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This Woody Allen directed contemporary musical, which boasts a star-studded cast revolves around the love lives of an extended family, and takes place in Manhattan, Paris and Rome.

I only really wanted to watch this film because Tim Roth is in it, and I wasn’t sure whether I was going to enjoy it – I’ve not actually seen many Woody Allen films – but in fact it is utterly charming and really rather lovely.

The story is narrated by Djuna (known to everyone as DJ, and played by Natasha Lyonne). She starts by introducing the viewers to her family – stepfather Bob (Alan Alda), mother Steffi (Goldie Hawn), step-sisters Skylar (Drew Barrymore), Lane (Gaby Hoffman) and Laura (Natalie Portman) and step-brother Scott (Lukas Haas). Not forgetting her actual father Joe (Woody Allen).

While Holden (Edward Norton) and Skylar get engaged, Joe is bemoaning the demise of his latest relationship, and DJ decides to set him up with Von (Julia Roberts) the patient of DJ’s friend’s psychiatrist mother! Von is in an unhappy relationship, and Joe is determined to win her over.

Meanwhile, Lane and Laurie are both in love with the same young man, Bob is distraught that son Scott is turning into a young conservative, despite have extremely liberal parents, and DJ is busy falling in love with various young men. Things get even more complicated when recently paroled prisoner Charles Ferry (Tim Roth) turns up!

The cast mostly sing all their own songs (Barrymore is dubbed) and all the songs are well known musical classics. Obviously these actors are not professional singers, but for the most part they hold their own pretty well – in fact Goldie Hawn and Ed Norton apparently had to be told NOT to sing as well as they were able, as they were not believable as the characters randomly bursting into song which they were meant to be portraying.

There is also some quite amazing dancing, with lots of extras (obviously professional dancers) being used – and this film also contains probably the happiest funeral scene you will ever see! There is also a quite stunning dance towards the end of the film, featuring Goldie Hawn and Woody Allen – it is very cleverly and beautifully done.

The whole cast shines, but I would give special mention to Alan Alda and Goldie Hawn, and also to Tim Roth, who has a great time with his own relatively small role. Edward Norton is also terrific in a role that is very much unlike the kind of parts we are used to seeing him play.

Overall, if you are looking for a film that will make you laugh and feel warm and happy inside, I would strongly recommend you give this one a go. I loved it.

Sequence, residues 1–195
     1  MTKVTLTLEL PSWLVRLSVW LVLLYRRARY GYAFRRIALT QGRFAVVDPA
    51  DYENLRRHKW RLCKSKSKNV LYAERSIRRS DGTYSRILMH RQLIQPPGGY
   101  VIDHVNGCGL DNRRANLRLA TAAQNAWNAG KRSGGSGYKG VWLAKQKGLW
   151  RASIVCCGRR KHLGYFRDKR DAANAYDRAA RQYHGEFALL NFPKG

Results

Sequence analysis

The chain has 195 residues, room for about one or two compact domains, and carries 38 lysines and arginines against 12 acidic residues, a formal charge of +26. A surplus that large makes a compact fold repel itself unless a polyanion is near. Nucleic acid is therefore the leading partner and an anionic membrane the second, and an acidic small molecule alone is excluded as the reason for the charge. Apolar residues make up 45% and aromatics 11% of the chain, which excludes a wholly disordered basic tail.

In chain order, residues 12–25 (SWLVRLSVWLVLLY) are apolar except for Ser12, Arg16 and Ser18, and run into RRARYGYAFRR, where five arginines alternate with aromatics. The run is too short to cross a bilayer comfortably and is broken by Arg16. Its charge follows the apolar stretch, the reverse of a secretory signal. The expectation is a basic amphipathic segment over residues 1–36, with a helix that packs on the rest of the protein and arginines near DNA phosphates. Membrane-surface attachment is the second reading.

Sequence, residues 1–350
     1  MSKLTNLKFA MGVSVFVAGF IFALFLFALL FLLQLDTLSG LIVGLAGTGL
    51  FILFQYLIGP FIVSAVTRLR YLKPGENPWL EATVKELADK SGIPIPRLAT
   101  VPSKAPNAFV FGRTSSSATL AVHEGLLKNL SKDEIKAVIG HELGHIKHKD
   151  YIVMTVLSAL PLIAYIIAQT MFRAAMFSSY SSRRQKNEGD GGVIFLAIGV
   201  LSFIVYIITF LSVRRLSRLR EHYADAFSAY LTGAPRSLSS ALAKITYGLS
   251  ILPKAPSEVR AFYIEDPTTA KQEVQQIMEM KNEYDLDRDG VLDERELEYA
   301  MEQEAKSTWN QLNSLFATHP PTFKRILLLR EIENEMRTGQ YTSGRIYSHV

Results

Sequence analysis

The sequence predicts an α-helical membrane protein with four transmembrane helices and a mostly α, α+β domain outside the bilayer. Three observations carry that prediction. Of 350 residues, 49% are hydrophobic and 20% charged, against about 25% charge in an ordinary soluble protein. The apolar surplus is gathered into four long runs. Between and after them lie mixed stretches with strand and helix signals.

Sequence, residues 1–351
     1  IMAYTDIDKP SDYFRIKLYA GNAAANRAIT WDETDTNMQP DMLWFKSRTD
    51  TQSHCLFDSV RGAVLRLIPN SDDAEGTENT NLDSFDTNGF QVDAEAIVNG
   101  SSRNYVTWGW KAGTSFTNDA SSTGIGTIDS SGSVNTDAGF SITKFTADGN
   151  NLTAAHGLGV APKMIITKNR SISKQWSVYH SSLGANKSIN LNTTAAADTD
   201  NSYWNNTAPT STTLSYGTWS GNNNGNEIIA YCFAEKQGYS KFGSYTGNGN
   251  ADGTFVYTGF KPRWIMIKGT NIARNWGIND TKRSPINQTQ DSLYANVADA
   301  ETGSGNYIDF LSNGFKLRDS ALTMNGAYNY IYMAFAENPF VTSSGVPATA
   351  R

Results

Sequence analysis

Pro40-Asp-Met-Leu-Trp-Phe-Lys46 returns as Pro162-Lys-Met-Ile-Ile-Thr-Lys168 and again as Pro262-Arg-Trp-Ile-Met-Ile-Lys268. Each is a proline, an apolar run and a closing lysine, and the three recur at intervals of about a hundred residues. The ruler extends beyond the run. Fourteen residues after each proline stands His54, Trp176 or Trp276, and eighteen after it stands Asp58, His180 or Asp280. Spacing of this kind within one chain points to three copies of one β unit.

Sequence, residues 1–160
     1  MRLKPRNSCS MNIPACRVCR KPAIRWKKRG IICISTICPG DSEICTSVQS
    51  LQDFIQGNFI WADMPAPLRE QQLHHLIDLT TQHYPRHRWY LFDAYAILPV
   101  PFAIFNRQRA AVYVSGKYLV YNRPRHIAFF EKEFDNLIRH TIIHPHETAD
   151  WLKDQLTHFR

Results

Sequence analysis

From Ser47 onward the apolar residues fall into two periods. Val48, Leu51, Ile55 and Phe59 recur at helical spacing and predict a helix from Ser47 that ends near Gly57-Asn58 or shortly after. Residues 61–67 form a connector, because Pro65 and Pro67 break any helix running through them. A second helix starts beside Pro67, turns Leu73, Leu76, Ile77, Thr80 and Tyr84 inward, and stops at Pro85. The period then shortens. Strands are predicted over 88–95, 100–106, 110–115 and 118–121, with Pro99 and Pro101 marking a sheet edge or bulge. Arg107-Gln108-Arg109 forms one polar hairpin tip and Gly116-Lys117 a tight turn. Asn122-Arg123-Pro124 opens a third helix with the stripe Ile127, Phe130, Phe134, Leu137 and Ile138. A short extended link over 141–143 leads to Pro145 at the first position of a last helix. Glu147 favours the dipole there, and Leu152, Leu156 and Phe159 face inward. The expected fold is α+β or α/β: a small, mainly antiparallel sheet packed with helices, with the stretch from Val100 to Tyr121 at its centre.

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Year of release: 1996

Director: Woody Allen

Writer: Woody Allen

Main cast: Alan Alda, Natasha Lyonne, Goldie Hawn, Edward Norton, Drew Barrymore, Woody Allen, Julia Roberts, Tim Roth, Gaby Hoffman, Natalie Portman, Lukas Haas

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This film is also known as The Perfect Catch, and is based on Nick Hornby’s novel Fever Pitch.  The book was originally adapted in 1997, into a film starring Colin Firth as a die-hard fan of Arsenal football (or soccer) team.  The comedy explores how his love for the team affects his romantic relationship.  In this American adaptation, Ben Wrightman (Jimmy Fallon) is a Boston Red Sox fan, who falls for Lindsey Meeks (Drew Barrymore).  However, they initially meet out of the baseball season, so it’s only when the season starts that she realises that she will always have to compete with the Sox for Ben’s affections.

I haven’t seen the 1997 film – I like Colin Firth a lot, but football leaves me cold.  However, I do enjoy baseball, and recently had some wonderful times watching three Red Sox games (two of which were at their home ground, Fenway Park).  You don’t have to be a baseball fan, or a Sox fan to enjoy this film, but I do think it helps.

The movie is set during the 2004 World Series, which the Sox unexpectedly won, thereby beating the Curse of the Bambino.  (In fact, it was originally assumed that the Sox would lose, so when they won, the ending of the film had to be re-written).

I really liked the film.  Jimmy Fallon was terrific as Ben – sweet and affectionate, as long as nothing got in the way of him watching any of his team’s games.  Despite the way that he stretched his girlfriend’s patience to the limit, he was really likeable throughout.  Drew Barrymore was also lovely as Lindsey.  Her character was a workaholic (in many ways, as obsessed with her job as Ben was with the Sox), and in the hands of a different actress, Lindsey might not have been likeable, but Barrymore is very warm and hard to dislike.

There are loads of laugh-out-loud moments, and lots of physical comedy.  The ending is – maybe – quite predictable, but I really liked it anyway, and it was great to see actual players from the Red Sox in the film, although none of them had a speaking part.

It’s an undemanding, but very enjoyable film, great for any time, but especially if you’ve just been, or are planning to go to Fenway Park!

Year of release: 2005

Directors: Bobby Farrelly, Peter Farrelly

Producers: Drew Barrymore, David Evans, Marc S. Fischer, Nick Hornby, Alan Greenspan, Nancy Juvonen, Kris Meyer, Gil Netter, Hal Olofsson, Amanda Posey, Gwenn Stroman, Bradley Thomas

Writers: Nick Hornby (novel), Lowell Ganz, Babaloo Mandel

Main cast: Jimmy Fallon, Drew Barrymore, Jack Kehler, Ione Skye, KaDee Strickland, Marissa Jaret Winokur, Willie Garson, Evan Helmuth

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